Another thought that crossed my mind for the extra layer of protection was perhaps security questions could be used?
If part of the account opening process was to provide answers to a few security questions and these questions didn't include ones that could be guessed from information in a members account profile,then when a member starts a sim swap they could be asked to answer one of their security questions before the swap will complete.
After a bit more thought about this,the problem I see with our confirmation email plan is that in order to start the sim swap process the scammer has to be logged into the victim's account and so I wouldn't be surprised if their first action is to change the member's email address on their account to one that the scammer has control of for a variety of reasons so it would be them that'd receive the confirmation email and not the victim of the scam.
I must admit I'd overlooked the problems that a security question could pose to members with memory probems but what about if the member could compose the question as well as the answer rather than having to choose a set question like "what was your first pet's name?"from a list?
In this way the member could set a question and answer which is totaly unique to them so hopefuly unguessable by the scammer but at the same time a Q&A that they felt confident that they would remember.
I'm sure this would be technicaly possible on giffgaff's part and this problem is getting more urgent to resolve just about by the day,here's 3 cases I noticed in a day between Christmas and New Year and reports at Twitter confirm that the phishing texts are still being sent allowing the scammers to harvest more members details to perform these rogue sim swaps with:-
The composing of questions really doesn't help @woodyuk.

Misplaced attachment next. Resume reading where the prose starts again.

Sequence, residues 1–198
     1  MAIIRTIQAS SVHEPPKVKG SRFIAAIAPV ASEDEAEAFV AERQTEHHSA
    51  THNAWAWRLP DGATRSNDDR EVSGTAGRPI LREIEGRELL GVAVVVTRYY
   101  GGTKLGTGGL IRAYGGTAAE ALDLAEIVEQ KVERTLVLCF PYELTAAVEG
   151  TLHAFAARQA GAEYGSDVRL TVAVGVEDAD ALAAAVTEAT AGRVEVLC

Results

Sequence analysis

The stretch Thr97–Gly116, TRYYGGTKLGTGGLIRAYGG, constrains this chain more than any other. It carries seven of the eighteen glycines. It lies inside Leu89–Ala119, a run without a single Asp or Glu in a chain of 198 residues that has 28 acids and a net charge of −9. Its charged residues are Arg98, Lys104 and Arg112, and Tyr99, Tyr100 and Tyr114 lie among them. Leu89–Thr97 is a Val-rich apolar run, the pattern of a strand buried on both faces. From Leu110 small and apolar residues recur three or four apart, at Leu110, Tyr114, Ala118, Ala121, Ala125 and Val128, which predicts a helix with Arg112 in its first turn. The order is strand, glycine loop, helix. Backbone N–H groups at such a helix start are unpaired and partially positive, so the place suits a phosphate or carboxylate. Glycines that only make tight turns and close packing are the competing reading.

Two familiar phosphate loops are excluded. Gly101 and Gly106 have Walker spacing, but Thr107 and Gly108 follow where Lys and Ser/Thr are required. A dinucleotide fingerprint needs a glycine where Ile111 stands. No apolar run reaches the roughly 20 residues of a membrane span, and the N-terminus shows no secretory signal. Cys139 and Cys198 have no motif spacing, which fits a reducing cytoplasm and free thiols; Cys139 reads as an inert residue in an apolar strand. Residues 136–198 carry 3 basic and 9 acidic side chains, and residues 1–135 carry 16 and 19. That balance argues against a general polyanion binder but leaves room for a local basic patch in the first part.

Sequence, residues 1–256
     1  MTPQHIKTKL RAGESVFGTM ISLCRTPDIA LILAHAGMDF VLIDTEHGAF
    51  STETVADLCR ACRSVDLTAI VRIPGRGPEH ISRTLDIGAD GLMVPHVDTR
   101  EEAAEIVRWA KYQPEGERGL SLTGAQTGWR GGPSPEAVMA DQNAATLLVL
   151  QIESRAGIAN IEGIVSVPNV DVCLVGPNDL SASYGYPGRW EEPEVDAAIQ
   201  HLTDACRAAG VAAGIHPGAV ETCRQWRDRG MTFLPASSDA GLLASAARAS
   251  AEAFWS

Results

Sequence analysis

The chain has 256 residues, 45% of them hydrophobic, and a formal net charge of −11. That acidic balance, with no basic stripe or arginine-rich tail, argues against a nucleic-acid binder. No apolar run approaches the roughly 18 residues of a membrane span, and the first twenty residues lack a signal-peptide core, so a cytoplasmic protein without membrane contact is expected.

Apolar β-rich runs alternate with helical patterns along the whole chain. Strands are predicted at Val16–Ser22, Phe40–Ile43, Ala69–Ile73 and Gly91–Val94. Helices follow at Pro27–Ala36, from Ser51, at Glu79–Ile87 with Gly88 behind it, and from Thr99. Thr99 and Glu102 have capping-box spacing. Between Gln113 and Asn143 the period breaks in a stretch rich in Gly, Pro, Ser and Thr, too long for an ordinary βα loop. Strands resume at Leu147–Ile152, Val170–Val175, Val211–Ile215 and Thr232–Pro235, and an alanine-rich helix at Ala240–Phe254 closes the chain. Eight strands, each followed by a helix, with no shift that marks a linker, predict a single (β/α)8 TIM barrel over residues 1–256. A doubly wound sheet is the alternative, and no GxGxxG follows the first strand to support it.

A quick look at my Vodafone account, (handy that it's today that I chose to update all my passwords and email addresses everywhere), and it shows me I've a hidden "secret word", and a visible hint.
The hint has not helped to remind me of the secret word, (which I'd forgot setting let alone the content). I can guess, and the guess may even be correct, but if I ever need to use it or change it it's much more likely that I'll have to call them.
It is the lack of this ability to call and verify by other means which presents the biggest obstacle for people like myself with severe memory issues.
That's one of the reasons I love them so much, (and Lloyds and Nationwide and others), because they're all willing to work with me and identify me via other means that I can remember, like my national insurance number, my NHS number, my partner's date of birth and name, things like that.
This could be possible with giffgaff but you've problems with remembering the format. For instance if one of the security questions was "What position did you play in soccer" and the answer is center back, you can write that in a number of different ways and you've gotta remember which one you used or you're locked out.
When you can call, the format the answer is written in doesn't matter, you'd be able to say "center back" and pass even if you wrote CB or CD on the form, because the human can apply common sense, you can probably even pass if you say "central defender" in such a situation because of course they're all the same thing.
Forms can't make distinctions like that.
I've been locked out on capitalization errors before and not being able to remember how much of someones name I used and how I capitalized it.
But yeah you're right about the email address change, which is why that should also be two factor authenticated, (to the old address), and email addresses should be verified anyway which they currently aren't.